No, Not a Coincidence

In a way I hesitate to make this criticism, because the writer of this letter also wrote a good one on another issue. But I just feel compelled to make this one comment, because people keep saying the same thing, and it keeps being wrong and point-missing.

The author would do good to actually address the issues of trying to articulate what hasn’t been articulated before rather than simply trashing everyone who tries to write on difficult issues.

The trouble with that is that I’m emphatically not ‘trashing everyone who tries to write on difficult issues,’ and I never said I was. I’m ‘trashing’ or rather criticising bad writing, not writing on difficult issues. It’s simply not the case that all writing on difficult issues is bad – to put it mildly – and nor is it the case that all bad writing is on difficult issues. In fact that’s one of the points I’m making: that one of the reasons bad writing is so harmful is because it uses the badness of the writing to masquerade as writing about difficult issues. That’s a complaint that a great many people made about Hegel, from his own day (Schopenhauer is downright rude on the subject) to the present; that is one thing that bad writing of a certain kind can do.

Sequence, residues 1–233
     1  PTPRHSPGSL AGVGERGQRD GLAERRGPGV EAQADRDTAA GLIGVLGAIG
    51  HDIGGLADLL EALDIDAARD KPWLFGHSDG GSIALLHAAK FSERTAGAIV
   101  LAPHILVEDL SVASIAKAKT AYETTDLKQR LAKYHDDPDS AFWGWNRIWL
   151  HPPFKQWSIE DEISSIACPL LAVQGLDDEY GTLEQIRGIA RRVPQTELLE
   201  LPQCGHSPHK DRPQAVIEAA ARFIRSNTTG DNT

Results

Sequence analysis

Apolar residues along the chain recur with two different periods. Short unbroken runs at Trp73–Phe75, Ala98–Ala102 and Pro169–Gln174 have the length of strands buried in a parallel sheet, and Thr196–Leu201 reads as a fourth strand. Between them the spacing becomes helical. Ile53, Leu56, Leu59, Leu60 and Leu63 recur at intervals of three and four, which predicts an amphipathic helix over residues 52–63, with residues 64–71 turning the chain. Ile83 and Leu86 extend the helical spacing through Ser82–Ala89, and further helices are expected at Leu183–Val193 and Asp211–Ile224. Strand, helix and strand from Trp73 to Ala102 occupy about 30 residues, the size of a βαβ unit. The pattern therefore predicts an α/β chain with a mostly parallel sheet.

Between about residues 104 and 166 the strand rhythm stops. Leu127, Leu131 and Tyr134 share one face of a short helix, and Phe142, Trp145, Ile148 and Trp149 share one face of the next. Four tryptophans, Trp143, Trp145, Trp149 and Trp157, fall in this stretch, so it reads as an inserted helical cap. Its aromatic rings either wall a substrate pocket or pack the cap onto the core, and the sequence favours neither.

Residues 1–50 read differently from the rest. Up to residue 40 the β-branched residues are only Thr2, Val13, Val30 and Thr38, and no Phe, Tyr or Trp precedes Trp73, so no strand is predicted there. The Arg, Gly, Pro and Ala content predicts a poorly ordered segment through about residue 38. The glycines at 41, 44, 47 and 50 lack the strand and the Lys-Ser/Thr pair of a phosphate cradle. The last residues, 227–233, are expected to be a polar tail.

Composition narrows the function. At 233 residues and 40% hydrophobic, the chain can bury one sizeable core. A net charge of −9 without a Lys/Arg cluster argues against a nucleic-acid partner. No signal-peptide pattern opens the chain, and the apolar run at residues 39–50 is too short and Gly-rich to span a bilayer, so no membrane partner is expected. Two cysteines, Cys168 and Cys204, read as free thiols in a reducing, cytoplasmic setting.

Another correspondent says something more interesting – finally, a break from the ‘It’s difficult/You’re bashing theory’ defense.

Yes there is a large amount of very poor academic writing. And there are huge mounds of garbage journalism, vast piles of terrible prose fiction, and untold heaps of lousy poetry. Perhaps academics should know better, but so should journalists and authors of all stripes. You’ll pardon me if this seems to be (warning, potential academic term coming up) ideologically driven. Allan Bloom’s prose was often turgid, and such cultural “critics” as Bill Bennett fill their work with cliches and non sequiturs, yet somehow or other they never make the lists in these parlour games. Feminists and post-colonialists, however–well, it’s open season. Must just be a coincidence.

No, it’s not a coincidence. We say explicitly in ‘About B&W’ that our target is FN on the left. Why? Because we’re on the left, that’s why, and think it should be self-critical and self-correcting. I’m emphatically a feminist, for example (as is my colleague), and that’s exactly why I don’t want feminism to be mixed up with either woolly notions about different ways of knowing or with turgid empty ‘theoretical’ droning. What’s so odd about that? Nothing, surely. Wouldn’t it be nice to see more people on the right objecting to, for instance, the bullying manners of Bill O’Reilly, or the anti-intellectualism of Bush? Wouldn’t we respect the right more if there were more of that kind of thing? I know I would. So maybe it follows that others will respect the left more if leftists speak up when they think a given branch of leftism has got things wrong.

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